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 Post subject: Re: 'The Democratic Mirage'
PostPosted: Thu Feb 16, 2017 1:29 pm 
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So, yeah. Clearly a member of the ruling class.


No, but not working-class either.

Isn't that difference, between the "nervous" [middle] classes--the Jealous & Zealous petit-bourgeoisie-- and the working-class, why democracy continues to exist following proletarian revolution?

Having something to lose in terms of private property, no matter how small, generally ignites frenzied resistance; brings to mind the Bundy's fighting the Bureau of Land Management a little while ago out West, or the history of owner-operators fighting the Teamsters in the late '60s-'70s.


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 Post subject: Re: 'The Democratic Mirage'
PostPosted: Thu Feb 16, 2017 6:10 pm 
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The fight against the unions, all the unions, and of course the state is exactly the type of thing we should be welcoming I think, however not from the racists and misogynists you mentioned before the owner-operators (it was never their intention anywho).

Thanks again for the great conversation but I feel that we are very far off-topic by this point ahah


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 Post subject: Re: 'The Democratic Mirage'
PostPosted: Thu Feb 16, 2017 6:48 pm 
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What does that mean? Welcome the fight against all the unions? Do we welcome the IAM loss at the Boeing plant yesterday? Do we welcome the decertification strategies that the bourgeoisie have deployed against unions for the past 30 years?


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 Post subject: Re: 'The Democratic Mirage'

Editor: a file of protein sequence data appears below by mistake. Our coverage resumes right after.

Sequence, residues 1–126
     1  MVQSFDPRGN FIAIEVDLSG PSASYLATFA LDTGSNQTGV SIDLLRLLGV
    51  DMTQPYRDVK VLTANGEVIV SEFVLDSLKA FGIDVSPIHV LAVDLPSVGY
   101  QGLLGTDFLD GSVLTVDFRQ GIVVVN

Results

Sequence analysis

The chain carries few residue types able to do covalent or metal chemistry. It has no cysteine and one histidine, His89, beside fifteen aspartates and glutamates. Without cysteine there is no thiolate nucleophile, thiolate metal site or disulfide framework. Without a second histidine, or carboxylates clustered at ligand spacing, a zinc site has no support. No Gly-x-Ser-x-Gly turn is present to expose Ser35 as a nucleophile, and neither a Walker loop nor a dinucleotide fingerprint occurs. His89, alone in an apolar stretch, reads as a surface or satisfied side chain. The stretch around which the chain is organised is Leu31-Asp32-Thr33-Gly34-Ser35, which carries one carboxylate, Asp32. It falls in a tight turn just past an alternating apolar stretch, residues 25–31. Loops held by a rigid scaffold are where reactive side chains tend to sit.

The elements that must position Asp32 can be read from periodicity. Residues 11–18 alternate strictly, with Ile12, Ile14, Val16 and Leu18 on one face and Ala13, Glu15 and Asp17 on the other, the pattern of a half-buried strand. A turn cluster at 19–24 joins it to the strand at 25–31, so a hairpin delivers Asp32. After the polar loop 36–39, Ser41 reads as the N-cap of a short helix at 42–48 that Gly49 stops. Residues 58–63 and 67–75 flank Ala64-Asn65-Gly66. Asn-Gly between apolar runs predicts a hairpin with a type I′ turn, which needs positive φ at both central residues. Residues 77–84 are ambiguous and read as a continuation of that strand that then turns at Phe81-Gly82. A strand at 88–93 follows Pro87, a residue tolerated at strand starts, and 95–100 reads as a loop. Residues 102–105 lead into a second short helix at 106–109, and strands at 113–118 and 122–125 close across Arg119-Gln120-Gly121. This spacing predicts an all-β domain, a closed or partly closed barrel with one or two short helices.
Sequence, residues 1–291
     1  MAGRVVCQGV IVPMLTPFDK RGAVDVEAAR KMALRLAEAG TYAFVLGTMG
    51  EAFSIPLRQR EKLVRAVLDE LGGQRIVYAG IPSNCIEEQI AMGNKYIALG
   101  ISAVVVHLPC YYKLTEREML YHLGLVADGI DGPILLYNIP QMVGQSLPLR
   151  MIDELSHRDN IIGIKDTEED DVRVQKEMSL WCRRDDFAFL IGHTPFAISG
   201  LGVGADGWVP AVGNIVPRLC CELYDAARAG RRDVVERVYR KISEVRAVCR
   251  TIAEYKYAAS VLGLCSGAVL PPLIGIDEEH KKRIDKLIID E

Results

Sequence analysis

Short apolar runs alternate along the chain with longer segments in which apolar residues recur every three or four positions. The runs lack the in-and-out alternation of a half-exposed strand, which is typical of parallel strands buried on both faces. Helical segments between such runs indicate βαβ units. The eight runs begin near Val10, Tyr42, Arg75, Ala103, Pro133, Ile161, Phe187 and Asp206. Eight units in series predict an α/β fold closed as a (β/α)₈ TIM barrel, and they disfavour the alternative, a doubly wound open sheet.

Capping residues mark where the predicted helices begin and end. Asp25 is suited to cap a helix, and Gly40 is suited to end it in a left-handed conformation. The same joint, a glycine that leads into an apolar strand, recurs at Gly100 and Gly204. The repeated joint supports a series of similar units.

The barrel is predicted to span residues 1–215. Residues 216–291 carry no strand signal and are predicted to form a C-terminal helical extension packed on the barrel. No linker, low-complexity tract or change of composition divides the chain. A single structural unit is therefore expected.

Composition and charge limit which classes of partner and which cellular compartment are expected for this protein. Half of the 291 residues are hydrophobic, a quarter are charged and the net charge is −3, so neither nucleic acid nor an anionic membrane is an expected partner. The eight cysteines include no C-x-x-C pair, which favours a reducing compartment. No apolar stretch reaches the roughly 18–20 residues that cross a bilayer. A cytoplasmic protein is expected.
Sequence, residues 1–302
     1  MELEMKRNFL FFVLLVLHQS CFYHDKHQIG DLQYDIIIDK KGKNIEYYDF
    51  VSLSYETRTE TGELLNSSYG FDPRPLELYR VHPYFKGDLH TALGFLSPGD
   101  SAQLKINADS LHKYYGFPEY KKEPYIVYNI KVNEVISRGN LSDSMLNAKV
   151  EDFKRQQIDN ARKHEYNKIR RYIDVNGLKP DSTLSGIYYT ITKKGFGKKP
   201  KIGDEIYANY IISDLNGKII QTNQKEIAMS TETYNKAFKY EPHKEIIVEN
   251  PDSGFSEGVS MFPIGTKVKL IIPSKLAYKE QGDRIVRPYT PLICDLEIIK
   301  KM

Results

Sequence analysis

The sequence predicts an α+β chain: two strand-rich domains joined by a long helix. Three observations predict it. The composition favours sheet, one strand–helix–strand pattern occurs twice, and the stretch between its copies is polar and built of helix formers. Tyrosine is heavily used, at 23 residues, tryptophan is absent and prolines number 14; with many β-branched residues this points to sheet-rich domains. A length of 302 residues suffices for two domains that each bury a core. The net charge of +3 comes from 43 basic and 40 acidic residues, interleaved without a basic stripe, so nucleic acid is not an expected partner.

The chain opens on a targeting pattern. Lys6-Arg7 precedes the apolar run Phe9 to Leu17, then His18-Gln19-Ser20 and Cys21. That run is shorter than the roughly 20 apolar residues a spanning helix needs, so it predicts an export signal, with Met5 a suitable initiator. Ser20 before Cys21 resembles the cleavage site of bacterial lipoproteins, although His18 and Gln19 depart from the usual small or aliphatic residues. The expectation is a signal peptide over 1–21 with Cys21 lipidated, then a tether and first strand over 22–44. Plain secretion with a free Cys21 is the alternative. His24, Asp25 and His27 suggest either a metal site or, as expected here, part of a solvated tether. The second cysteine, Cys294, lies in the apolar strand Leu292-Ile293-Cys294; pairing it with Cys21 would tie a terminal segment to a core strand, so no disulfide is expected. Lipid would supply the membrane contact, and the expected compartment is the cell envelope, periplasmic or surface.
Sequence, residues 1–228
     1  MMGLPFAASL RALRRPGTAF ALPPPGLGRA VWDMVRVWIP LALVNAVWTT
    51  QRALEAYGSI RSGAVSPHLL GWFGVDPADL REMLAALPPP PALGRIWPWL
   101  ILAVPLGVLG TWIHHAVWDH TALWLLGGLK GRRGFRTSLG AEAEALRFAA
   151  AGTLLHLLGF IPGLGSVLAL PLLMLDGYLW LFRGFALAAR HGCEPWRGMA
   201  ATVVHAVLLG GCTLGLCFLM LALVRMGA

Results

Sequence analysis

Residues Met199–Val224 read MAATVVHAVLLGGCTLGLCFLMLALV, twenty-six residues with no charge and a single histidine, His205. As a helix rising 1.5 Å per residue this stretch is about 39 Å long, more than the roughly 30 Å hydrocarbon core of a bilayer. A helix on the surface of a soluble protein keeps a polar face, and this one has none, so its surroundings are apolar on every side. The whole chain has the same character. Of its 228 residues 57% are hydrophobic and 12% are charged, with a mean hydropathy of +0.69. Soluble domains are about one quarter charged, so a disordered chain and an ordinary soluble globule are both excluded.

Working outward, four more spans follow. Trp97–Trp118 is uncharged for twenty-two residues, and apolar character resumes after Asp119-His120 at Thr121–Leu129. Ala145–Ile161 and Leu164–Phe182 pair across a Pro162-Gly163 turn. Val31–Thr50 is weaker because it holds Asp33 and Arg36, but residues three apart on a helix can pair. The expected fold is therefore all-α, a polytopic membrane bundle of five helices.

PostPosted: Thu Feb 16, 2017 7:04 pm 
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Dankston wrote:
Thanks again for the great conversation but I feel that we are very far off-topic by this point ahah


Rather than thinking of it as "off-topic," it may be more useful to think of it as a development to a different topic where we can further flesh out agreements and disagreements and find out why we agree and disagree on different subjects.

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 Post subject: Re: 'The Democratic Mirage'
PostPosted: Fri Feb 17, 2017 9:24 am 
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mhou wrote:
Isn't that difference, between the "nervous" [middle] classes--the Jealous & Zealous petit-bourgeoisie-- and the working-class, why democracy continues to exist following proletarian revolution


Could you expand on this a bit mhou? Thanks a bunch.


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 Post subject: Re: 'The Democratic Mirage'
PostPosted: Sat Feb 18, 2017 7:14 pm 
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I have to say first that I'm baffled by your reaction to the steelhaulers reference. You're applauding what was a businessmen's cartel, a constituent element of the owner-operators in general that served as an active force in the deregulation of the trucking industry, which resulted in massive job losses and the reversal of virtually all of the material gains fought for and won by +/- half a million freight industry workers in the US over the preceding decades, leaving behind the mess that exists today-- rampant misclassification of drivers as 'independent contractors', drastic wage cuts, vastly underfunded health and pension funds (for those still covered by them), epidemic part-time and precarious status, hyper-exploitation of immigrant drivers and warehousemen, etc.